Which Word Wednesday: e.g. vs. i.e.

By February 9, 2011 language No Comments

Each Wednesday we gather around for nail-biting, heart-racing word battles. We look at definitions and context and examples. We toss around our opinions. We vote . . . well, some of us do.

The word battles here at WWW can be intense. It’s sort of like Celebrity Deathmatch—without the gore.

This week’s WWW is a calmer, gentler presentation. No debates, no arguing, no voting. Today we’ll just clarify the usage of two abbreviations that often get mixed up. (I feel all warm and fuzzy inside, don’t you?)

Here’s how the Oxford American Dictionary defines them:

e.g. :: abbreviation
for example; from Latin exempli gratia “for the sake of an example.”

i.e. :: abbreviation
that is to say (used to add explanatory information or to state something in different words); from Latin id est “that is.”

Ron Evans gives these examples1 in his book The Artful Nuance:

Linda has many interests, e.g., swimming, biking, writing, and painting.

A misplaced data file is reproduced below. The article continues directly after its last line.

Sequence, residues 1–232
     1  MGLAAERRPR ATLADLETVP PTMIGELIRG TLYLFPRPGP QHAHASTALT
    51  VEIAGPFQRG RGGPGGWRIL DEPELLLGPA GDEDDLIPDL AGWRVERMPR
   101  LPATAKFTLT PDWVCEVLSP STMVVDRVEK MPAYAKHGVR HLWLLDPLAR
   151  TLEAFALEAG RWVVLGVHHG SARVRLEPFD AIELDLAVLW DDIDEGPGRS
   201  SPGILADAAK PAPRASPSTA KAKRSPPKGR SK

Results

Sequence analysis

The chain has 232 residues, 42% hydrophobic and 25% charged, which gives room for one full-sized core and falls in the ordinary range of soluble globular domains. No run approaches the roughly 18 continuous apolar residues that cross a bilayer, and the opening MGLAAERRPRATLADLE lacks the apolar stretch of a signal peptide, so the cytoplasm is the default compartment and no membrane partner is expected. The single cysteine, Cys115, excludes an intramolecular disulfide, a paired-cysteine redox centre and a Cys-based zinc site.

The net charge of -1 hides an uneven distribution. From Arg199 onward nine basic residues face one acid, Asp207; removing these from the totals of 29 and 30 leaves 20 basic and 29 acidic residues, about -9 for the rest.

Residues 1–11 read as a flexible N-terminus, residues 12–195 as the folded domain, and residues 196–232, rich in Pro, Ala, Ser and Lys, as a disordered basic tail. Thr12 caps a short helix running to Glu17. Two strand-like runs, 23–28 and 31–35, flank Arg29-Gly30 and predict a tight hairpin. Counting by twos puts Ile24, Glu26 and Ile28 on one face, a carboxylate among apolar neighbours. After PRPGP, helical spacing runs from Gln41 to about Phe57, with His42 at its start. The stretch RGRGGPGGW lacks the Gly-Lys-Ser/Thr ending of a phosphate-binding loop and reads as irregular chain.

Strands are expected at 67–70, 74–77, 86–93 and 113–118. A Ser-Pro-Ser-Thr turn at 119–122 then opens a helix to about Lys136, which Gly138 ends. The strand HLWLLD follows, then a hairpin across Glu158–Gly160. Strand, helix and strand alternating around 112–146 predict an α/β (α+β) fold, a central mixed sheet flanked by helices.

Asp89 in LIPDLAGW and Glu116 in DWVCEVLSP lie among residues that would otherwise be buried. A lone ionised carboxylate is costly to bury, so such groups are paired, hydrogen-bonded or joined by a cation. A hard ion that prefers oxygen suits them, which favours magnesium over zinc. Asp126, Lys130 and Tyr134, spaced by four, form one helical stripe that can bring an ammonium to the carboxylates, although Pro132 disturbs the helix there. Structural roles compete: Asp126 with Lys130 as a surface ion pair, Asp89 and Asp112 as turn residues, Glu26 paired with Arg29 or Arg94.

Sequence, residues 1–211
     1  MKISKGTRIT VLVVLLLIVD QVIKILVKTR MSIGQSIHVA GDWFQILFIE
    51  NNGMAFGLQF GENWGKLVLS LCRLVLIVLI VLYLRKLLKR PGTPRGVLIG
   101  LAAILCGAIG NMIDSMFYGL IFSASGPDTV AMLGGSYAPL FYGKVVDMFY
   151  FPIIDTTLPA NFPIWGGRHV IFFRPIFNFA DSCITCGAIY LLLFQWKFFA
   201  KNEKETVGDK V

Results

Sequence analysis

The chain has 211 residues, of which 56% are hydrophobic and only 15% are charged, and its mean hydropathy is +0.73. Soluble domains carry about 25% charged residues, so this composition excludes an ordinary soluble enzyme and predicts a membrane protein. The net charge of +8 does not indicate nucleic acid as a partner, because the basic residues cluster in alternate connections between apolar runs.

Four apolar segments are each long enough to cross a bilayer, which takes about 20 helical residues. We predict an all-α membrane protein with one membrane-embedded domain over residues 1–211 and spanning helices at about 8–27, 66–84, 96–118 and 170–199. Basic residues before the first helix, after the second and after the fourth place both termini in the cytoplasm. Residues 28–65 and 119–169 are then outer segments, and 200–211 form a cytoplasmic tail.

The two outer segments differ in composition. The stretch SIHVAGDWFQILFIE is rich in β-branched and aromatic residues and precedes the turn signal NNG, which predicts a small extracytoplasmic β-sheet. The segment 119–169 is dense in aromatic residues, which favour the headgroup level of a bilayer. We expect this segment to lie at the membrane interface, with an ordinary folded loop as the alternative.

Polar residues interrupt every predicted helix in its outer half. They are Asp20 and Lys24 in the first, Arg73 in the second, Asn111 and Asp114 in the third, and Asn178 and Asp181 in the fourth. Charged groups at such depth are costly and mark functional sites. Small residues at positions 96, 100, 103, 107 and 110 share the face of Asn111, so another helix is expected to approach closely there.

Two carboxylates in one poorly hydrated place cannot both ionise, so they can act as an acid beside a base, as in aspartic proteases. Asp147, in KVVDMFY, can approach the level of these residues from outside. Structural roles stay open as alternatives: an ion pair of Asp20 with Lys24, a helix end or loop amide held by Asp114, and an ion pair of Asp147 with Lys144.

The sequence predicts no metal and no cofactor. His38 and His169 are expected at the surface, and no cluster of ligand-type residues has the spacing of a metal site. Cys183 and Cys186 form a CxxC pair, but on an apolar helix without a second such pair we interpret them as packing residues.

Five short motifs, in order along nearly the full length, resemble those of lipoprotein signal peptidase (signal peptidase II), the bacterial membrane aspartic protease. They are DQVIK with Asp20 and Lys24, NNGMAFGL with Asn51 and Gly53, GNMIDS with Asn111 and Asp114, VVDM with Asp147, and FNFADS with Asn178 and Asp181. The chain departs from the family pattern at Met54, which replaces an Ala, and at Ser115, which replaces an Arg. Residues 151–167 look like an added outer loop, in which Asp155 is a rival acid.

Ray likes root vegetables, i.e., vegetables that grow underground.

How can we remember the difference between the two for proper usage? Well, Mark Davidson gives these memory hooks in Right, Wrong, and Risky: A Dictionary of Today’s American English Usage: “Associate e.g. with “eg-zample” and use i.e. “to introduce an identification or paraphrase of, or an explanation for, what has just been said.”2

Oh—and don’t forget to use a comma after each of these. It may look strange to have a comma following a period, but it’s needed and necessary. Think of the four characters as a unit: e-period-g-period and i-period-e-period. This makes more sense if you consider that a comma is necessary when using the English equivalents of for example or that is before an example or before a list..

What’s my WWW verdict? Latin abbreviations can be tricky. But at least they aren’t prone to gory death-match battles. (They are much too civilized for that.)

What’s your verdict? Are reluctant and reticent synonyms? Does my presence cause reticence? Share your comments and be sure to cast your vote in the poll.

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Check out previous Which Word Wednesday verdicts here.

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Sources
1. Ron Evans, The Artful Nuance: A Refined Guide to Imperfectly Understood Words in the English Language (New York, NY: Penguin Group, 2009), 83.
2. Mark Davidson, Right, Wrong, and Risky: A Dictionary of Today’s American English Usage (New York, NY: W. W. Norton & Company, 2006), 218.

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